Acute maxillary sinusitis (sinusitis) is one of the most famous diseases of the paranasal sinuses, not only among general practitioners, but also among the general public. At the same time, blue patients are disturbed by a headache localized in the projection area of ​​the maxillary sinus. However, in many cases, its distribution was noted in the forehead, zygomatic bone, temple. It can radiate to the orbital region and to the upper teeth, i.e. almost the entire half of the face is covered with pain.

The reinforcement and the feeling of a “tide” of heaviness in the corresponding half of the face are very characteristic when the head is tilted anteriorly. Headache is associated with secondary trigeminal neuralgia and impaired sinus barofunction as a result of swelling of the mucous membrane and blockage of the anastomosis. Perhaps the appearance of swelling of the cheeks on the affected side.

Palpation in the area of ​​the sinus projection enhances pain. Severe edema of the face, as well as the eyelids, is more characteristic of complicated sinusitis. Patients note nasal congestion and mucous or purulent discharge, as well as liquefaction of smell on the side of inflammation.

Anterior rhinoscopy allows you to establish hyperemia and swelling of the mucous membrane of the lower and especially the middle turbinate. The presence of serous or purulent discharge (purulent path) in the middle nasal passage is characteristic, which can also be established with posterior rhinoscopy. In cases where the purulent pathway is not detected (with severe swelling of the mucous membrane overlapping the anastomosis), it is also recommended to anemize the middle nasal passage and turn the patient's head to a healthy guard. In this position, the sinus outlet is at the bottom, and pus (if any) appears in the middle nasal passage.

As a result of swelling of the nasal concha, as with ethmoiditis, respiratory hemi- and anosmia are possible. In the case of toxic damage to the olfactory nerve, anosmia can be of an essential nature. In clinical practice, a frequent combination of acute maxillary sinusitis and ethmoiditis has been noted.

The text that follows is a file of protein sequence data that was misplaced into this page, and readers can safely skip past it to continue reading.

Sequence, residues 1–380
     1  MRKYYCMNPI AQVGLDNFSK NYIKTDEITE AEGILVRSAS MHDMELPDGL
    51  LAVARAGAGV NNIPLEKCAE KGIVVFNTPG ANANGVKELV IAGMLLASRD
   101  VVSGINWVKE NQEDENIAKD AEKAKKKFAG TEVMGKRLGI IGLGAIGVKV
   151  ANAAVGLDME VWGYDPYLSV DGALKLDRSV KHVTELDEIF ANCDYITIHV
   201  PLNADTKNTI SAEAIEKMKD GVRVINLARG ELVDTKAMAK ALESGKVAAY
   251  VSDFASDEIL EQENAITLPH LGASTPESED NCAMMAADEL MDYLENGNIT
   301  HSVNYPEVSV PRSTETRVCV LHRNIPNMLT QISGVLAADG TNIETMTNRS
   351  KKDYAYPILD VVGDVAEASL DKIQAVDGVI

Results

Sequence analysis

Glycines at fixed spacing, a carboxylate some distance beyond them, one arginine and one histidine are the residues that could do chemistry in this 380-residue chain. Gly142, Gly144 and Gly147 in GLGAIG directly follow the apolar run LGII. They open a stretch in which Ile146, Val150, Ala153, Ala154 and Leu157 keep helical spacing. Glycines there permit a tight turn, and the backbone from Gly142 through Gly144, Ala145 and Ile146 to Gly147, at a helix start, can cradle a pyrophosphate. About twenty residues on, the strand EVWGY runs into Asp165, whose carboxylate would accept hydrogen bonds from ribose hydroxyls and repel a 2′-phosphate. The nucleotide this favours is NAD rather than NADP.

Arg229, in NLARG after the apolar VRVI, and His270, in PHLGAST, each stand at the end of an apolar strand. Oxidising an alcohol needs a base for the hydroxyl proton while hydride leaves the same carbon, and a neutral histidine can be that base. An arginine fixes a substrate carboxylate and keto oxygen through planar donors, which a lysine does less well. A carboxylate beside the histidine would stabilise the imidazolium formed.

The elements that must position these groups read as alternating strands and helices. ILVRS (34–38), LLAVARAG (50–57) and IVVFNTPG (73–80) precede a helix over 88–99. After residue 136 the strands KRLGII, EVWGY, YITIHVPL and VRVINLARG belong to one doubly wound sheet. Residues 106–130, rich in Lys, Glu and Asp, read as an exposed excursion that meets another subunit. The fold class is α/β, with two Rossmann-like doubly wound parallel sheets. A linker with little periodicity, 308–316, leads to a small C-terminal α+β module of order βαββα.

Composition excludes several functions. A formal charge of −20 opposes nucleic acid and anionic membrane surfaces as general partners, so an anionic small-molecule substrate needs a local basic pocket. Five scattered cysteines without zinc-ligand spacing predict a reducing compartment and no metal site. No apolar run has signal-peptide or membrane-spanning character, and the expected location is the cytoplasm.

Acute frontal sinusitis. For this disease, along with the general symptoms characteristic of a febrile state, there is a severe, sometimes acute, headache localized mainly in the forehead, and a feeling of heaviness in the projection of the affected sinus. Percussion in the same place determines the increase in soreness, and when stroking the skin, a feeling of velvety may appear, which indicates in this case the phenomenon of periostitis. When finger pressure is applied to the area of ​​the medial corner of the eye and to the orbital (thinnest) wall of the frontal sinus, pain almost always increases with acute frontal sinusitis. Often there is edema of the upper eyelid, expressed to one degree or another. Purulent discharge is localized in the very front sections of the middle nasal passage, corresponding to the location of the excretory duct.

Acute frontal sinusitis is almost always combined with acute ethmoiditis (usually the front cells are involved). If at the same time the inflammatory process also captures the maxillary sinus (which is often the case), then in such cases we are dealing with hemisinitis. Acute sphenoiditis is an inflammation of the sphenoid sinus. It is also often combined with inflammation of the ethmoid labyrinth, with posterior cells (posterior ethmoiditis) usually involved. In acute sphenoiditis, patients complain of severe head-splitting headaches, often radiating to the back of the head and orbit. Characteristic is the drainage of purulent mucus along the back wall of the pharynx, which is established by mesopharyngoscopy.
Anterior deep rhinoscopy allows you to see the symptom of the so-called "imaginary infestation" is the closure of the hyperemic mucous membrane of the posterior sections of the middle nasal concha and the nasal septum, which indicates the involvement of the trellised labyrinth cells (usually the posterior ones) in the process.

After anemization and contraction of the mucous membrane in the area of ​​the olfactory fissure, a pus strip is likely to appear. With posterior rhinoscopy, pus accumulation in the nasopharyngeal arch is revealed, the mucous membrane of the nasopharynx and the posterior edge of the vomer is hyperemic and edematous. The violation of smell is characteristic.